The cost of transport has increased both in the cities and in the countryside, causing serious hardships to many women who have had to either travel less or go to the city on foot, and cutting down the profit margin of those who trade at periodic markets.
If domestic electricity consumption is quite low in the Sahel countries as a whole, it is certainly because of its high price, being often produced by hydroelectric plants in an essentially arid part of Africa. Some countries - Mali and Niger - have hydroelectric potentialities but they are still undeveloped. Although the networks are inadequate and badly integrated, the wealthy and middle-income urban populations are getting gradually accustomed to the use of electricity for lighting, refrigeration and, to a lesser extent, air-conditioning. In recent years we have witnessed a marked increase in the use of electric household appliances (refrigerators and freezers) by women who earn some extra money through the sale of iced drinks and ice cream. In countries as hot and dry as those of the Sahel, this kind of trade finds a ready clientele in the schools and public services.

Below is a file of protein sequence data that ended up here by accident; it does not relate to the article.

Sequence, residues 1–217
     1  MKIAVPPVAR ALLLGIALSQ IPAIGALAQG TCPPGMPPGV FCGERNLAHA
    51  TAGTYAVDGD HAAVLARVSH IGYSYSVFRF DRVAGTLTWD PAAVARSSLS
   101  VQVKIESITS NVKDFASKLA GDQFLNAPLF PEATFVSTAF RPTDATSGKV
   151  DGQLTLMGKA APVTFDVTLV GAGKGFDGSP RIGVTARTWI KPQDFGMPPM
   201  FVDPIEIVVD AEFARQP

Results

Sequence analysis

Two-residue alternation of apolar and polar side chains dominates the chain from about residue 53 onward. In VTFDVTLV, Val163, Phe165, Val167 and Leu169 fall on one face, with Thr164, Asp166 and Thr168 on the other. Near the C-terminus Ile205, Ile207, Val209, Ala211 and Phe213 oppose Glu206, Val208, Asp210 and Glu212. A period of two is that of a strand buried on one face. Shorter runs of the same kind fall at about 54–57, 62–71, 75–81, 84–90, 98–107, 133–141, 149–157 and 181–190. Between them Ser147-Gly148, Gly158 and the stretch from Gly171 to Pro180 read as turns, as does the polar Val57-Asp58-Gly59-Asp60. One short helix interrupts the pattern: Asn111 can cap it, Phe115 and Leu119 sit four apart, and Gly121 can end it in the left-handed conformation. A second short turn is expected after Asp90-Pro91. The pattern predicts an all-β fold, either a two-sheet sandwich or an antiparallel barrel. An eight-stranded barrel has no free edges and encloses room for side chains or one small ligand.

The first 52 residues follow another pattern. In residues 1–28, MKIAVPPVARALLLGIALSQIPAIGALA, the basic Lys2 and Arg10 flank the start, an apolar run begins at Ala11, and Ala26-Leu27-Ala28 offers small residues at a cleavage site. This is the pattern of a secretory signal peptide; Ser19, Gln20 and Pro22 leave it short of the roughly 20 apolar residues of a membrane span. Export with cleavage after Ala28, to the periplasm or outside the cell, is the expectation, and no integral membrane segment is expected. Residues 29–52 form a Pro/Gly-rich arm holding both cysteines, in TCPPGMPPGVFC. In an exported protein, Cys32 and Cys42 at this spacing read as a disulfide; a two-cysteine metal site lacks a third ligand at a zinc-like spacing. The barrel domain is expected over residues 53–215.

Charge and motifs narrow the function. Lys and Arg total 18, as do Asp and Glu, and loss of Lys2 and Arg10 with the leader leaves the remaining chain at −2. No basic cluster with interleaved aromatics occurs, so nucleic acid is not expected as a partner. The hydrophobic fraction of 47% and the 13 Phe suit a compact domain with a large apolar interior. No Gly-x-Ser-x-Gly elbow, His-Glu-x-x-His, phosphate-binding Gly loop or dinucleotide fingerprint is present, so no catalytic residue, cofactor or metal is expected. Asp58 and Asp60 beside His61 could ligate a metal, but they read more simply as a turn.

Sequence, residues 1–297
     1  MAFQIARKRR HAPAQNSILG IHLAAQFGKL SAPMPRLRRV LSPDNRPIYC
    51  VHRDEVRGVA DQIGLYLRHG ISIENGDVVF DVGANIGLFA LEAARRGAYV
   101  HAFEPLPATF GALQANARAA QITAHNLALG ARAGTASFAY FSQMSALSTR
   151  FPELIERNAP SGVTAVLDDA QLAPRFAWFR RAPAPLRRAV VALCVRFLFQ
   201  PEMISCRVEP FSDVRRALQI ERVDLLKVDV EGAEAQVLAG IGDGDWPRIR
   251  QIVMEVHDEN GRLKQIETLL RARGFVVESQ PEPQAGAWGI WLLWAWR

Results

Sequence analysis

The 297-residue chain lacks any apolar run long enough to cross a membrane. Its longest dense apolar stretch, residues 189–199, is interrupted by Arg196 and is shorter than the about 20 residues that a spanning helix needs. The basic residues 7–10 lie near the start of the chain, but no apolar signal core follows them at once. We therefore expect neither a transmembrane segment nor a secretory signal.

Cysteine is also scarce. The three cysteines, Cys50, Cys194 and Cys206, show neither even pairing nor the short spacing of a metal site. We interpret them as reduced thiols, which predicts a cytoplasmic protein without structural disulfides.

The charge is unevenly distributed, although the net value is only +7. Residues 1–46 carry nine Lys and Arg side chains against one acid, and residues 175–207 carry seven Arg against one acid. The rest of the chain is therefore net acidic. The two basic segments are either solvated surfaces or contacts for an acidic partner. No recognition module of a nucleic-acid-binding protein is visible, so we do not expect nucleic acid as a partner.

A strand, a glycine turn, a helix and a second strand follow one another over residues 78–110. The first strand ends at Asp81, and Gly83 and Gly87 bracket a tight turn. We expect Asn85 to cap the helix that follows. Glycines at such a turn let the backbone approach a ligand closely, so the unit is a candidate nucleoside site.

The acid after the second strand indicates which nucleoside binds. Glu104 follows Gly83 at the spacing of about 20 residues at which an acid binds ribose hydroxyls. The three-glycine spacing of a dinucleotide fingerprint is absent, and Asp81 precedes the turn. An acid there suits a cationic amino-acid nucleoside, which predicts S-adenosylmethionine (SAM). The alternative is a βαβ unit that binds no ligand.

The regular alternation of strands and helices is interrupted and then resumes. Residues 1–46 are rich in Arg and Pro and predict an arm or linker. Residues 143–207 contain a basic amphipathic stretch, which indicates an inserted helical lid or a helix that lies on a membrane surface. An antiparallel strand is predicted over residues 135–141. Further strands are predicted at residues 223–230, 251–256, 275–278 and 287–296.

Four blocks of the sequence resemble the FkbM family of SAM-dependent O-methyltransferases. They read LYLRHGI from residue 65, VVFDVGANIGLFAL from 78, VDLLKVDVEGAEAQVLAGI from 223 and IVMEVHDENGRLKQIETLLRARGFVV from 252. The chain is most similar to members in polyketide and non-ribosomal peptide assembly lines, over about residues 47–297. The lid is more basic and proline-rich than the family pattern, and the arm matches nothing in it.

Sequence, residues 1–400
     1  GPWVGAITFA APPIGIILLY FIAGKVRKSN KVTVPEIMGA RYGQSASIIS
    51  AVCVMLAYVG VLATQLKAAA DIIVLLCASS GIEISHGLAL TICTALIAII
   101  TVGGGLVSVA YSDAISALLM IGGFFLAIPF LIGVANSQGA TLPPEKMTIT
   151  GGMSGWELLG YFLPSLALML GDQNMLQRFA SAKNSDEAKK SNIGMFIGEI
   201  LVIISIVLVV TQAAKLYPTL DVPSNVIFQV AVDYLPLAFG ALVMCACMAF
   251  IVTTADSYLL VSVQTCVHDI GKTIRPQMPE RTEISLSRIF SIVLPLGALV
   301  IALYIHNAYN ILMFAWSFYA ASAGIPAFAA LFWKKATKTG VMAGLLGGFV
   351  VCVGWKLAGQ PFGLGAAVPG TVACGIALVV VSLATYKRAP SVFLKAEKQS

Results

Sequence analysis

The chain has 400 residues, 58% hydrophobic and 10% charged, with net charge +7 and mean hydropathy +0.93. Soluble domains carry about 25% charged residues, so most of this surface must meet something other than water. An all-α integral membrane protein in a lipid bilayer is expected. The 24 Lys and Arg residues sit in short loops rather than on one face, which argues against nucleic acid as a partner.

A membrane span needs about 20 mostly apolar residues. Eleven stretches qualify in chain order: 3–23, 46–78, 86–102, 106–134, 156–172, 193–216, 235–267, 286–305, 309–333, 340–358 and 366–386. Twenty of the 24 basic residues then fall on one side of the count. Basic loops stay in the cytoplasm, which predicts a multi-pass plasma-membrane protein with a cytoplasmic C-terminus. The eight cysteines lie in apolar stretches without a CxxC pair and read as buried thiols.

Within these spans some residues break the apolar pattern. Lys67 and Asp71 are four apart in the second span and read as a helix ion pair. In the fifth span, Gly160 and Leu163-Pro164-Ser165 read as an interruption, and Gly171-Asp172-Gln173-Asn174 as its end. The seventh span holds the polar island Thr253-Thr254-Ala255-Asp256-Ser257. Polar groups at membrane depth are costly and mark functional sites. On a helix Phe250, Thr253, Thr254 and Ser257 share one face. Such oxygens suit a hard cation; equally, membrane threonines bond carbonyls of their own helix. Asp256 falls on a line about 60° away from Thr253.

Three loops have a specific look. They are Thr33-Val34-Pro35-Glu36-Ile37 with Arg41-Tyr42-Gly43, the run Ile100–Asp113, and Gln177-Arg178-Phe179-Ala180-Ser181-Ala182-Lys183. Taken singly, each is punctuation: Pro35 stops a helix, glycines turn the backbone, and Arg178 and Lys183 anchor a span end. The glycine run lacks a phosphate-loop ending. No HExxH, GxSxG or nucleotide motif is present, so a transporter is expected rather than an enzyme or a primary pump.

Naturally, women have suffered - together with the whole Sahel population - from general inflation and the deterioration of the terms of trade which have accompanied the world oil crisis since 1973. In addition, however, they have suffered and are suffering even more from what some economists call "the poor man's energy crisis."
COLLECTING FUELWOOD IN MALI why many women have developed an environmental consciousness